CO2 hotspots amaze deep-diving US scientists

The discovery of a new CO2 hotspot off the coast of the Philippines will help us understand climate change. Scientists are optimistic that, by studying marine life around the region, will help them understand better about climate change.

A spring that produces an off the chat readings of carbon dioxide has been discovered off the coast of the Philippines. Professor Bayani Cardenas from the University of Texas discovered the spring from the University of Texas.

The discovery of the CO2 hotspot

The professor described the discovery as a “soda spring” when he came across it while studying how groundwater from a nearby environment affected the ocean environment of the Verde Island Passage in the Philippines.

The passage is described as one of the most diverse ecosystems in the world. It is able to support all types of marine life and has been a focal point of study by many scientists.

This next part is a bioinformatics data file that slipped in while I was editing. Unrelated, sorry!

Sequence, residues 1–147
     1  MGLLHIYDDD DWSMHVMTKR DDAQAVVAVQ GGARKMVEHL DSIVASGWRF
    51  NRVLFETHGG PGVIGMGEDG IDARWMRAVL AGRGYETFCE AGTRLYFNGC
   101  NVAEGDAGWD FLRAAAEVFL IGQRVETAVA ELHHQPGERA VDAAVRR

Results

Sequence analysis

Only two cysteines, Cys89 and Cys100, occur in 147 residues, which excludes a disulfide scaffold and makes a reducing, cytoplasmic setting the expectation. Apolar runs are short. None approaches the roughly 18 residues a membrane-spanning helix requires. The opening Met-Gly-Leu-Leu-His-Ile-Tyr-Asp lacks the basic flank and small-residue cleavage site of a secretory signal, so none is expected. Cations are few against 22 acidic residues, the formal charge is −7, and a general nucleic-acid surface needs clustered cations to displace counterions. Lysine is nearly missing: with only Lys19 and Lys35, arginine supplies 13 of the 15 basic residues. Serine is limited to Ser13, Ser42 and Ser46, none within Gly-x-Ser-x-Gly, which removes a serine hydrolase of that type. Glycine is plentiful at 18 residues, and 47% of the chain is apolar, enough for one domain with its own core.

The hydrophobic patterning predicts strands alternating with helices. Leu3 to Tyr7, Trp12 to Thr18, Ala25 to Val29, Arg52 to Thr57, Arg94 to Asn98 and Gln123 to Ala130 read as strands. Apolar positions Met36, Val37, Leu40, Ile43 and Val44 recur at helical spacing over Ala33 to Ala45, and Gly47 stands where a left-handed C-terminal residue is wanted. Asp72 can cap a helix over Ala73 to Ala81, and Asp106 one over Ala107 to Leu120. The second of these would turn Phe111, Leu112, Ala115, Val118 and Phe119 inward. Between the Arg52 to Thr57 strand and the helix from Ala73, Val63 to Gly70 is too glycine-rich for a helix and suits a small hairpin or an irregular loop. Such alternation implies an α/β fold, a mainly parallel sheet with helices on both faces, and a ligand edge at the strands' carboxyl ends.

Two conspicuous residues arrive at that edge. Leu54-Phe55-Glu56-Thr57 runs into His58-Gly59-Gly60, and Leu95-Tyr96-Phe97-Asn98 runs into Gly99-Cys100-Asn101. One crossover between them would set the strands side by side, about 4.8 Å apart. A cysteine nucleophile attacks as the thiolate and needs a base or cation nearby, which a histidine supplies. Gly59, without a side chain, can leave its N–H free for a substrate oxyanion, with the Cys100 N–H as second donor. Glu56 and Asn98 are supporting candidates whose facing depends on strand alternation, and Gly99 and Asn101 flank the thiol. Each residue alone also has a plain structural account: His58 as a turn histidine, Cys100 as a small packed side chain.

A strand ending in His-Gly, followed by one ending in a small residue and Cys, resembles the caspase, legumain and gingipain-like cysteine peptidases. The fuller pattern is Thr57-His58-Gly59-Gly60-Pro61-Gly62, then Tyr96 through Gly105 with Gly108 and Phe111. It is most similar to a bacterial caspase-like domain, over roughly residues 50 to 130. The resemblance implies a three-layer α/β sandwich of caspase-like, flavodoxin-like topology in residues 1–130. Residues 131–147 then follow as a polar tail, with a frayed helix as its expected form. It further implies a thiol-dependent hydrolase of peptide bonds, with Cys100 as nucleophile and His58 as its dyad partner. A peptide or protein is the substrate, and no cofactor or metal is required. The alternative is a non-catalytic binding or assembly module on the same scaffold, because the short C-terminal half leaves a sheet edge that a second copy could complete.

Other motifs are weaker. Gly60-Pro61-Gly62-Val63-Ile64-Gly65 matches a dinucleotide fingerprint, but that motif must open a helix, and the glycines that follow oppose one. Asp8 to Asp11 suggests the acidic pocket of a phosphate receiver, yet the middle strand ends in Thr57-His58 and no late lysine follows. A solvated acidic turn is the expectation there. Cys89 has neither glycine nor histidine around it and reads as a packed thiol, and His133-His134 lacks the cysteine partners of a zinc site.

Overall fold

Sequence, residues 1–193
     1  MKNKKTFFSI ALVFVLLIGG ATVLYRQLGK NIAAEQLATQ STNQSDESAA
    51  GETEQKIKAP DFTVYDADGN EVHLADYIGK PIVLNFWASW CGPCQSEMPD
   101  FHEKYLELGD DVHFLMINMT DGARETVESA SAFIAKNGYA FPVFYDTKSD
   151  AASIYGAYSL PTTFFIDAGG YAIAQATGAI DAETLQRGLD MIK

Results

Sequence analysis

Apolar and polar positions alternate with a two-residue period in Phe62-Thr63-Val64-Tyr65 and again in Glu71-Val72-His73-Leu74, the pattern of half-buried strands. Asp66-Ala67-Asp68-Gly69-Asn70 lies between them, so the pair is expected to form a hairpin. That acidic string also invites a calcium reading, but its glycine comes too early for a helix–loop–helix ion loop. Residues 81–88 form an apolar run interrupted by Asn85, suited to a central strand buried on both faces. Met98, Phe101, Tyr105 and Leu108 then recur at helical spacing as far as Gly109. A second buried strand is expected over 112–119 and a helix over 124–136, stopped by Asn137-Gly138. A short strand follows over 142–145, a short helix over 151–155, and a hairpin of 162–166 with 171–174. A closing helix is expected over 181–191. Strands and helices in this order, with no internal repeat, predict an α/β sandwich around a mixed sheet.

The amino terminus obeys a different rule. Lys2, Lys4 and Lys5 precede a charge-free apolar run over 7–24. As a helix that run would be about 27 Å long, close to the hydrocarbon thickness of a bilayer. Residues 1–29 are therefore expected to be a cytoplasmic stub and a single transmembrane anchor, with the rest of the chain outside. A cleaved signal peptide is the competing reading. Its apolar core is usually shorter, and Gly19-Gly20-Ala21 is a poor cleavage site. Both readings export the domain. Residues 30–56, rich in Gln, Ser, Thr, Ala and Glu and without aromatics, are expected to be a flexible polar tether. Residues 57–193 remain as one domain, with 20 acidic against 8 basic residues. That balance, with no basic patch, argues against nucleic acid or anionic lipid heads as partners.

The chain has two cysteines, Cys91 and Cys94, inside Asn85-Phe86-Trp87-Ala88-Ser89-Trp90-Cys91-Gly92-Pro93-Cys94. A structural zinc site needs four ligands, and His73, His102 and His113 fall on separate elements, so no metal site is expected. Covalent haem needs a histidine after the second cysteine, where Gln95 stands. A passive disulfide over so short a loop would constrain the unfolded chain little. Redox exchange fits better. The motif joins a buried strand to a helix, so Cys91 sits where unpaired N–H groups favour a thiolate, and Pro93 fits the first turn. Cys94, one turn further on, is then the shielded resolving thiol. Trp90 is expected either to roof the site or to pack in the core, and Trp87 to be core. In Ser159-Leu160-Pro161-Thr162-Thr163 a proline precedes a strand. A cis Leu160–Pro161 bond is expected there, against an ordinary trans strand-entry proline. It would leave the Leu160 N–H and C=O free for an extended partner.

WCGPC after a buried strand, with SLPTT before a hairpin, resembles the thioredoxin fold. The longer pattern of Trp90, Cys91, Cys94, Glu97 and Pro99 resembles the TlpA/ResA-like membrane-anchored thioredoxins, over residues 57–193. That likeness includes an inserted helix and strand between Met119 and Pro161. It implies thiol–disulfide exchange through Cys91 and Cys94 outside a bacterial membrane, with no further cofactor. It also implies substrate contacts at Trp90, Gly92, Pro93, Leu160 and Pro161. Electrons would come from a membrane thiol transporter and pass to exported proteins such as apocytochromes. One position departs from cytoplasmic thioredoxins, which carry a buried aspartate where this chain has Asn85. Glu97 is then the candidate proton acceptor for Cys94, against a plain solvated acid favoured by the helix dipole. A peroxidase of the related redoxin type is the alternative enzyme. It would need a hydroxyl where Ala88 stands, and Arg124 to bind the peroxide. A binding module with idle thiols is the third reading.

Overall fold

The amazing discovery was all caught in camera when Cardenas was exploring the area and discovered the spring. The CO2 hotspot, however, was said to not be a consequence of the climate change nightmare. Scientists said the spring was as a result of a nearby volcano that vents out the through cracks on the ocean floors.

The cracks are estimated to be anywhere between a few decades old to older than a millennium. Due to the presence of diverse marine life in the CO2 hotspot, scientists were excited for the discovery, saying they would study the area to determine how it supports life. They also indicated that the area would shed light on how marine life will exist when the climate change crisis happens.

Cardenas said,

These high CO2 environments that are actually close to thriving reefs, how does it work? Life is still thriving there, but perhaps not the kind that we are used to. They need to be studied.

The CO2 measured in the area was 95,000 parts per million. This is more than 200 times the concentration found in our atmosphere. Scientists also described these levels of concentration as the highest ever discovered in nature.

Cardenas expressed hopes to continue working on this project to determine how life thrives in such an environment. He also said the region would offer insight into how coral reefs and other marine life can survive during climate change.


Featured image by Pixabay